I hiked Mt. Garfield in December 2014, but we still aren’t quite ready to do any of the 9 remaining mountains I have left to finish the New Hampshire 48 4000 footers, so we did Mt. Garfield on Sunday for my husband’s grid. My husband, Jon, is doing the grid, which is all 48 in all 12 months. It takes years to accomplish for most; probably close to 20 years for Jon. When I did Garfield in December, we were socked in meaning it was a cloudy day with no views. When we did it Sunday there was not one cloud in the sky!!! Mt. Garfield is a part of the Franconia Ridge, so you can see Mt. Lafayette, Mt. Lincoln, Little Haystack, Mt. Liberty, and Mt. Flume to one side, and North & South Twin, and the Bonds to other side. You can look down into the Pemigewassett River Valley to see Owls Head, and on a really clear day, you can see Mt. Washington past the Bonds. We took the Garfield Ridge Trail up, which is a beautiful trail. The road to the trailhead from Rt 3 is still closed, so that does add 2 miles of walking to the distance. Overall I think it was 12 miles. There are a couple river crossings which were very low/safe for this time of year. Sometimes spring can be tough for river crossings because the melting snow makes for raging rivers. The trail was a sheet of ice for probably the last 2-3 miles to and from the summit. We had our microspikes, and even then it was a little tough. We both really wished that we had our crampons. We saw one couple turn around because they didn’t have any traction, another couple where one didn’t have traction and struggled hardcore, and another couple that shared 1 pair of microspikes (they each had one on their right foot). The happiest and safest folks had microspikes 🙂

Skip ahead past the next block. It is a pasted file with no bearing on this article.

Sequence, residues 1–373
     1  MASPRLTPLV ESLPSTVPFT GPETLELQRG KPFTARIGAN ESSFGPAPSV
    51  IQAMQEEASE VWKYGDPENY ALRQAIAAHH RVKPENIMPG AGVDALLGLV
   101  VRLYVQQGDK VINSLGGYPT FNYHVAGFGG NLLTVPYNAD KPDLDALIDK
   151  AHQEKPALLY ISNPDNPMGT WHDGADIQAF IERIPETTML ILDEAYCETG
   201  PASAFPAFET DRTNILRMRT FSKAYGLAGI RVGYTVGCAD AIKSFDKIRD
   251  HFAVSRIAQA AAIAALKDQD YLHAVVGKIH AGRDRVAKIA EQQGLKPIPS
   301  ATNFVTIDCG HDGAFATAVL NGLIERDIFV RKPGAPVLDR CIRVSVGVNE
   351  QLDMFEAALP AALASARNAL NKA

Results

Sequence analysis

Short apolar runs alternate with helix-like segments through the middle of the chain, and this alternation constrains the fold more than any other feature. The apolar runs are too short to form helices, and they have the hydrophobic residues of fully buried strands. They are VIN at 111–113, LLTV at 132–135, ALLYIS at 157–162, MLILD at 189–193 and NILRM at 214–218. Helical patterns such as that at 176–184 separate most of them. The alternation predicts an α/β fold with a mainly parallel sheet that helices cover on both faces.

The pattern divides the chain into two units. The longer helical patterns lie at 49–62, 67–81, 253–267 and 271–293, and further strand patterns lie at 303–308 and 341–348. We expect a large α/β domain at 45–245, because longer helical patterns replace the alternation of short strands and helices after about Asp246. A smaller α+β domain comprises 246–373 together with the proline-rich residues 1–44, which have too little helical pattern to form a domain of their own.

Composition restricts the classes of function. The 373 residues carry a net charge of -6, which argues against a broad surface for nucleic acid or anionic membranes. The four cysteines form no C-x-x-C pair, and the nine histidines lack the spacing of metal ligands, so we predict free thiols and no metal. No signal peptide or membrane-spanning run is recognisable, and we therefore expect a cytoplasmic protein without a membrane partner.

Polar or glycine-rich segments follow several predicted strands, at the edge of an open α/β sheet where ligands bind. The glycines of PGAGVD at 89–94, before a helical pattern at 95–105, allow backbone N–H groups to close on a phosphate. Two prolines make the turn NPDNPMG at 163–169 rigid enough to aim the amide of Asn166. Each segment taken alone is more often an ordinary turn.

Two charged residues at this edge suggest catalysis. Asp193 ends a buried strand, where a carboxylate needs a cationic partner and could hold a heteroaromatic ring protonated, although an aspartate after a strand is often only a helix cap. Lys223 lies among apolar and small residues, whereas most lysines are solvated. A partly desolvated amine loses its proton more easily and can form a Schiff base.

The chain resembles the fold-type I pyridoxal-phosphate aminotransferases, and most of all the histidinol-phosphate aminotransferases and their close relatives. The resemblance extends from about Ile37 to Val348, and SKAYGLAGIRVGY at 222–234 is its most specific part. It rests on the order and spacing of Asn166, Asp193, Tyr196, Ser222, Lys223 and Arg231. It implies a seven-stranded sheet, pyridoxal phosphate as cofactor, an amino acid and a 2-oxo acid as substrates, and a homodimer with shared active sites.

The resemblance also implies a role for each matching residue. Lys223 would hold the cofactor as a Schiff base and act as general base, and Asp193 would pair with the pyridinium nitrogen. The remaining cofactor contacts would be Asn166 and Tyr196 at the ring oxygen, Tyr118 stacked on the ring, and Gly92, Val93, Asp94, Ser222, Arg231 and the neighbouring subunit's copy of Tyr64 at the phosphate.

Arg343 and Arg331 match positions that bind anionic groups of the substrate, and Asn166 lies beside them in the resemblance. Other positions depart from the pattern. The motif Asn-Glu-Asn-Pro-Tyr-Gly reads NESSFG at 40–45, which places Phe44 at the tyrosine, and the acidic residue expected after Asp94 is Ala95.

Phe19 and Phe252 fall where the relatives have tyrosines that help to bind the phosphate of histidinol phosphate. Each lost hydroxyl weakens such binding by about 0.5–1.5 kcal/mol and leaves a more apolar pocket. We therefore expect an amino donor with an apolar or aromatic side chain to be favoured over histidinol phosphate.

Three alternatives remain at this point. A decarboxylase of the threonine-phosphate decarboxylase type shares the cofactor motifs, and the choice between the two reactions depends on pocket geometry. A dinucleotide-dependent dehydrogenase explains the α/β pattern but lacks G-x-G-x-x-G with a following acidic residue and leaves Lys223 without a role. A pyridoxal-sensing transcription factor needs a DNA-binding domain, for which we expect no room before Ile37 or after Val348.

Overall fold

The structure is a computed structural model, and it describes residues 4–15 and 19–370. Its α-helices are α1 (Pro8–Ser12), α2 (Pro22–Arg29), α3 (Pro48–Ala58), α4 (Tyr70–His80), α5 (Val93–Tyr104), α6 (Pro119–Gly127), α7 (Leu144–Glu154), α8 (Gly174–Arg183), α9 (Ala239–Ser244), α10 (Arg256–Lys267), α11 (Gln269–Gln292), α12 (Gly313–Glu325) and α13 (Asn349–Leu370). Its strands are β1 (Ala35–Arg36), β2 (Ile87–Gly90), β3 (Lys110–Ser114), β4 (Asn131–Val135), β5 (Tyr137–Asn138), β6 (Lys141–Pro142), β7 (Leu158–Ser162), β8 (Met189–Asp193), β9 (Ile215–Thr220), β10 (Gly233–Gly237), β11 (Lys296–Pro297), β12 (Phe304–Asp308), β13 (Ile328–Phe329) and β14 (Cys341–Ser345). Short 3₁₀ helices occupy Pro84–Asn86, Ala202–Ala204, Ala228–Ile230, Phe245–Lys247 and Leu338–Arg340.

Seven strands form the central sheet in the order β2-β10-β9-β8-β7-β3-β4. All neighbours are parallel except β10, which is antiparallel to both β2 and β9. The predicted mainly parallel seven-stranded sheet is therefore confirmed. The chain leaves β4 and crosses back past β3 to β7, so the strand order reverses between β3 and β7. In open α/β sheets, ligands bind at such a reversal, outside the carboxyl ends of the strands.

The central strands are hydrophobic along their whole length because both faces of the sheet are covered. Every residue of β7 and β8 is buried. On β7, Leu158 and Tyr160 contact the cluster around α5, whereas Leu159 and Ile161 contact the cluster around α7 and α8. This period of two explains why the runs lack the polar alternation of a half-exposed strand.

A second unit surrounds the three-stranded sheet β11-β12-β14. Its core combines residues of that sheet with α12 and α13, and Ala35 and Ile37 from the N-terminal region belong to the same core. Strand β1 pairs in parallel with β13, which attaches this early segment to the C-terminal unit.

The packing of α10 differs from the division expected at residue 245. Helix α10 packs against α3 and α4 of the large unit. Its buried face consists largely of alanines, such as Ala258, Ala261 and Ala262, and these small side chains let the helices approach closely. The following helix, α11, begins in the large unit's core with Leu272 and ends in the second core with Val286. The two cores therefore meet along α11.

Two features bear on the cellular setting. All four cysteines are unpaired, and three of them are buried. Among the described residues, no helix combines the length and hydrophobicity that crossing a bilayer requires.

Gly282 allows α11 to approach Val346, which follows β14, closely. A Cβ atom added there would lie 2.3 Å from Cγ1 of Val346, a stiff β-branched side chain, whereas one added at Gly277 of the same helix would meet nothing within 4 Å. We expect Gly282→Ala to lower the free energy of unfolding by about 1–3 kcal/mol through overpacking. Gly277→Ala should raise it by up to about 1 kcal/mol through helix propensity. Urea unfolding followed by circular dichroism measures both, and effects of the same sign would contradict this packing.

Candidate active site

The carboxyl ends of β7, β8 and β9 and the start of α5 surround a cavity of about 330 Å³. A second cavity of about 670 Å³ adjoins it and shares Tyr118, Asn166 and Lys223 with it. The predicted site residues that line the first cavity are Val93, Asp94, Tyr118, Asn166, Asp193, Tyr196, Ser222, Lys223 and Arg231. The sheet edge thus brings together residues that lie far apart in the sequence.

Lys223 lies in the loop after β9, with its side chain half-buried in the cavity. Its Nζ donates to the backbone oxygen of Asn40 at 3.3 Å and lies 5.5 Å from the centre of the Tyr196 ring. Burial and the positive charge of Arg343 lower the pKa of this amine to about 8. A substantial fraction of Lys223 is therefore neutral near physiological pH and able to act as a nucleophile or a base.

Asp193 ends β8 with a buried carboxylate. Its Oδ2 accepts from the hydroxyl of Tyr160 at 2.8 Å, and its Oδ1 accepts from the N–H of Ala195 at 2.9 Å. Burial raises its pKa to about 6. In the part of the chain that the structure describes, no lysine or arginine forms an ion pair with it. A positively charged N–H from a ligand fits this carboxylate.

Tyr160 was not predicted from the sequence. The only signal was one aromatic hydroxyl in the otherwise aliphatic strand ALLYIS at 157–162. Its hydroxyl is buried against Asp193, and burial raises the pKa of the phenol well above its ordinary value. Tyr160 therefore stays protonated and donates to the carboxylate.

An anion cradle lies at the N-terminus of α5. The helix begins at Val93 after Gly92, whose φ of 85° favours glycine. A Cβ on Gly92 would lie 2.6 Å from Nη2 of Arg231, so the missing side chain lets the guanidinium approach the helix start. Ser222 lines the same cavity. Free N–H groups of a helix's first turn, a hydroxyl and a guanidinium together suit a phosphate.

Mizpah did an amazing job as usual. She is so athletic, surefooted, and agile. I am constantly impressed by Mizpah out on the trails. She’s so aware of her surroundings and just in tune with the trails. We purposely let her nails stay a little long in the winter/spring until the ice melts because they give her little microspikes of her own. She was the only dog we saw up there, and she got a lot of love from our fellow hikers. This coming weekend, we are planning to do Mt. Cabot, which I do need for my 48, so I am really excited about that!!!